There’s actually a coach in my Relevé Membership who agreed with this approach and really implemented it with her team, and this is what Coach Erin saw happen to her dancers. She said:
“When you focus on growth over punishment, dancers will stick with you. I’ve seen dancers join the high school team with little to no training but a lot of heart. A system that punishes them for every small misstep as they learn this dance-team world would destroy that natural love, and instead, we focus on measuring personal growth, setting goals, monitoring progress, and reaching that goal. This has created a team of disciplined, hard-working dancers who have exceeded everyone’s expectations.”
I could go down a rabbit hole here, so I’m gonna leave it at that. But if you're wondering more about using positive reinforcements, getting rid of things like running when you're late and physical punishments, all of this will help you increase motivation. So, you can check out more about this in episodes 4, 23, and 94.
Third Skill: Setting Clear Goals and Tracking Them – 10:14
The third way that coaches can inspire motivation in their athletes is by setting clear goals and tracking them. Goal setting is the foundation of many other mental skills, but it’s often done wrong or just without the support it should have. Many dancers set goals and forget about them, or maybe there’s a big inspiring goal-setting meeting in the summer and then no follow-through. That’s why I actually spend a lot of time in the summer doing goal-setting workshops with dancers in studios because it’s easy to get it wrong. But when it’s done well, goal setting can have immediate positive impact on motivation.
If goals are set clearly using research-based principles, you can help your dancers focus on their own improvement, get away from comparison, notice when they're actually making progress, and to really briefly summarize some of this goal-setting research, here are some guidelines if you're going to set goals:
- Set short-term and long-term goals.
- Set some goals about practice and class, and set some goals about how you want to perform (not necessarily how you want to compete or rank, but how you want to perform onstage).
- Get the dancers involved – don't just give them their goals, let them be a part of the process.
- Make sure you set up a method to track the progress and revisit your goals regularly.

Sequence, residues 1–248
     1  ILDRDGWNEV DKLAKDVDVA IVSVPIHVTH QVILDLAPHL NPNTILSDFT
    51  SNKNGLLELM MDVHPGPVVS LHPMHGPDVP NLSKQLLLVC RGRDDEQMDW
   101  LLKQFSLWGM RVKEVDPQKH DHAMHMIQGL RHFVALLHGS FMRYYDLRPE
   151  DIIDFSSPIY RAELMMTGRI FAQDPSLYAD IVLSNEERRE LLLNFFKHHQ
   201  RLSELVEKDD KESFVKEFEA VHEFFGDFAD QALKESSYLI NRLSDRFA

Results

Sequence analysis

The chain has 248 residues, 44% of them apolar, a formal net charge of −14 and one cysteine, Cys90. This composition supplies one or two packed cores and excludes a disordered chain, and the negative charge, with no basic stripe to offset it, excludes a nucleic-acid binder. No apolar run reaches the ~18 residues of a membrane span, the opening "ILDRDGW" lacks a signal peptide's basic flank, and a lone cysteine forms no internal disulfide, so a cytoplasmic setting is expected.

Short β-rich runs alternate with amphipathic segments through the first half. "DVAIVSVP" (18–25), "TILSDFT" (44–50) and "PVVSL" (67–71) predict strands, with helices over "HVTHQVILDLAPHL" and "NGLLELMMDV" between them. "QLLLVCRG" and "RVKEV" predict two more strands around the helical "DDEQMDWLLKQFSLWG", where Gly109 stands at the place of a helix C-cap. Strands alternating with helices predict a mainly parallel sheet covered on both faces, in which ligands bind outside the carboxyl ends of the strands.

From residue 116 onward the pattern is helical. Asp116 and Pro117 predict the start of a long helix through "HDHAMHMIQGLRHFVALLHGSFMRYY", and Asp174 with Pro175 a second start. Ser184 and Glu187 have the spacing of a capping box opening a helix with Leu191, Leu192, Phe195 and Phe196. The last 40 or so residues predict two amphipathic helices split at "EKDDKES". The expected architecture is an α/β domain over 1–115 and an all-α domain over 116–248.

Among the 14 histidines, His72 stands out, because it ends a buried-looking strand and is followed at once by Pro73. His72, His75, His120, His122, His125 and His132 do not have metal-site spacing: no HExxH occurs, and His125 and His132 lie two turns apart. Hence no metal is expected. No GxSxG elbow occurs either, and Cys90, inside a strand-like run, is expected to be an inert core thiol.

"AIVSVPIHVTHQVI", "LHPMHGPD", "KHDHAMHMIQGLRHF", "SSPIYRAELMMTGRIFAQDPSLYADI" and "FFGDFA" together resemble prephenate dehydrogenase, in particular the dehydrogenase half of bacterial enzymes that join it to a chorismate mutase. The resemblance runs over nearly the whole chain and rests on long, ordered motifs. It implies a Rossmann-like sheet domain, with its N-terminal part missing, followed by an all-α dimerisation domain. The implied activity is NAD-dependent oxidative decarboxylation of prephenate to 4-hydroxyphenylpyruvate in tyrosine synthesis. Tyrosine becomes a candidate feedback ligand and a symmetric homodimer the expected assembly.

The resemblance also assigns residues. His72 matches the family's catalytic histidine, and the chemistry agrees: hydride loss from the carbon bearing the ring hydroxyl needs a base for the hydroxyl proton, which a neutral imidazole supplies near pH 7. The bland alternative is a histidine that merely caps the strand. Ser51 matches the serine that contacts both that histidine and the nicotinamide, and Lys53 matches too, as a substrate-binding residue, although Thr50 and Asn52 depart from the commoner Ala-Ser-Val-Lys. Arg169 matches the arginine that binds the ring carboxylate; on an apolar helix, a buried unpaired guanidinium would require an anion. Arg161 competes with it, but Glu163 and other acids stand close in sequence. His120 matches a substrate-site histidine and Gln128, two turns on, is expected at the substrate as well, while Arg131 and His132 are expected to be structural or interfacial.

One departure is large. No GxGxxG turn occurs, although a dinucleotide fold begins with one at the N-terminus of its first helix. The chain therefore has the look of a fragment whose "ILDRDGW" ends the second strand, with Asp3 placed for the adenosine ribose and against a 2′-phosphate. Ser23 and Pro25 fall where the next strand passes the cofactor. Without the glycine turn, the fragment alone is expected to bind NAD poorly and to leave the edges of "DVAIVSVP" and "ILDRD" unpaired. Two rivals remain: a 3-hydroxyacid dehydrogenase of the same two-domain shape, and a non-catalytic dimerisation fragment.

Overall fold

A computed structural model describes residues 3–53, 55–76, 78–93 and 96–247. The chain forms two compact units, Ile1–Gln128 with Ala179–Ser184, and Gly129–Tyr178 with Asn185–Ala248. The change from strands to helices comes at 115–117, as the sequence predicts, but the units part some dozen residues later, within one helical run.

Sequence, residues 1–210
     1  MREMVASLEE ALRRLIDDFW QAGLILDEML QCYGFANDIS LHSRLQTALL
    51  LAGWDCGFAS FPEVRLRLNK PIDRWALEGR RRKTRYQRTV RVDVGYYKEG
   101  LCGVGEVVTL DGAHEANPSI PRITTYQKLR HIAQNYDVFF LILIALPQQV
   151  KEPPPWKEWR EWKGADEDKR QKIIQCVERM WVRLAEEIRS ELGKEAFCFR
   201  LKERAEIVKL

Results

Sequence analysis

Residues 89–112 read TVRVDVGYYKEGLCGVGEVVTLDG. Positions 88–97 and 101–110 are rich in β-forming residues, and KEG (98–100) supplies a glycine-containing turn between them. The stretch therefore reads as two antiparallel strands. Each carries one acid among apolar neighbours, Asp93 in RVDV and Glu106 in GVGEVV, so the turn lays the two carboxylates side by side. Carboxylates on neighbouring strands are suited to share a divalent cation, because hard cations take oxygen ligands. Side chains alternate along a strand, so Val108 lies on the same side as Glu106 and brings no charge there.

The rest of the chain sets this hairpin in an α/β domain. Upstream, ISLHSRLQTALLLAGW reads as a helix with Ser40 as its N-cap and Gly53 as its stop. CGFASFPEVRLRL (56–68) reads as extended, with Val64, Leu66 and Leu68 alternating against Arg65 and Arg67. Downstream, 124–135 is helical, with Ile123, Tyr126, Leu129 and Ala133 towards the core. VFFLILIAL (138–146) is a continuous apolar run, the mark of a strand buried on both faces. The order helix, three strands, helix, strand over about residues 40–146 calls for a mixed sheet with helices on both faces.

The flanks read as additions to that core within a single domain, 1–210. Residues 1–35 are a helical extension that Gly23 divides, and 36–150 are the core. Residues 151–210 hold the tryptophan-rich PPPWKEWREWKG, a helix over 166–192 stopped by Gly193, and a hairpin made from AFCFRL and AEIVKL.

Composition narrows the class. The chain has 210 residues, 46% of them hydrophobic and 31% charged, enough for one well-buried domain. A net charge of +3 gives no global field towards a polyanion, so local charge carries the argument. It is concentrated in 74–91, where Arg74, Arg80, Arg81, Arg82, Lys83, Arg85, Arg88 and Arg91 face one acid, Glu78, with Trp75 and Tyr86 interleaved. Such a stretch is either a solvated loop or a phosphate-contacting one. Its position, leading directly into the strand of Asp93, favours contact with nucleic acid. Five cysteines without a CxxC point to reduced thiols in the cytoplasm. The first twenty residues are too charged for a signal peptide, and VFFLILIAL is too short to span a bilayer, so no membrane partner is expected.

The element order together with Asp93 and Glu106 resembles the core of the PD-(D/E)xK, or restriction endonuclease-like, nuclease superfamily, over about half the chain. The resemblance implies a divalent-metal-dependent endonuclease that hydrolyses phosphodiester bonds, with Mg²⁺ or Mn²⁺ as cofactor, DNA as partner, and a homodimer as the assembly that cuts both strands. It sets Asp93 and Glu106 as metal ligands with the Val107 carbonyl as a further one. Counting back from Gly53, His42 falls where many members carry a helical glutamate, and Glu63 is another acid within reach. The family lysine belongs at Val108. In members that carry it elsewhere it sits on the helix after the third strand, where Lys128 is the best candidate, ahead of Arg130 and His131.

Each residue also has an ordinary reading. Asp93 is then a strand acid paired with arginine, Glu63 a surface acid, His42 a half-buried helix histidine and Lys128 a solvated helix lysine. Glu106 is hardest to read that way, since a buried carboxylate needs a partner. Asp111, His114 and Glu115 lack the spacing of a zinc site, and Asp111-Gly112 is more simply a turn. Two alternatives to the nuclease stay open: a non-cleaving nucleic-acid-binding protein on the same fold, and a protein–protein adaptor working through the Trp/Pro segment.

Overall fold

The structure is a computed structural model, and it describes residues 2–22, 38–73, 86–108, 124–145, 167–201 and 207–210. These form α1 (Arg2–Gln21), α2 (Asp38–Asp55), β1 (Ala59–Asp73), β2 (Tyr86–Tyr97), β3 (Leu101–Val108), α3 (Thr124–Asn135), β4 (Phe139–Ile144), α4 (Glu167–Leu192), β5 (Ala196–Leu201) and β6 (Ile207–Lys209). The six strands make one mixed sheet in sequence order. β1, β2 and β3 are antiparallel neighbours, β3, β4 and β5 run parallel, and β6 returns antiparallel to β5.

If you want more about this goal-setting process, check out episode 21. In that episode, I share my seven steps to a successful goal-setting meeting.
Lastly, one of the big reasons goal setting works so well is that it allows you to pause and celebrate the small wins. If you’ve set goals and tracked them, you and your dancers will see the growth and be inspired to keep fighting for those dreams. There is another really popular episode about celebrating the small wins that you can listen to in episode 81.
Inspiring Fierce Motivation Summary – 12:12
I’ll wrap this up with a little summary. Keep in mind that there are three pillars to being a positive coach or being that dance teacher who makes a huge positive impact: teaching a tough mindset, steady resilience, and fierce motivation. Today, we covered the three mental skills of inspiring that fierce motivation, which you achieve through positive team culture, reinforcement, and good goal setting.
If you’d like support with any of this, I just want to mention that my mental skills workshops are designed specifically to help you set the foundation of a positive culture. I promise you will see more motivated dancers in your very next practice. You can find out more at www.chelseapierotti.com/workshop, and you’ll see the link below in the show notes.
Overall, these three areas of mental skills (your mindset, your resilience, and your motivation) come together to help you be the most impactful dance teacher you can be. It’s both your personal mindset, resilience, and motivation, and how you teach those skills to your dancers. We don't just teach dance. We teach them how to have that mental toughness, how to be steady and resilient through life’s challenges, and how to fight for their dreams. That’s why I teach, and I bet it’s the same for you.
So, I want to say you are making a difference in your dancers’ lives. So, thank you. Keep sharing your passion for dance with the world!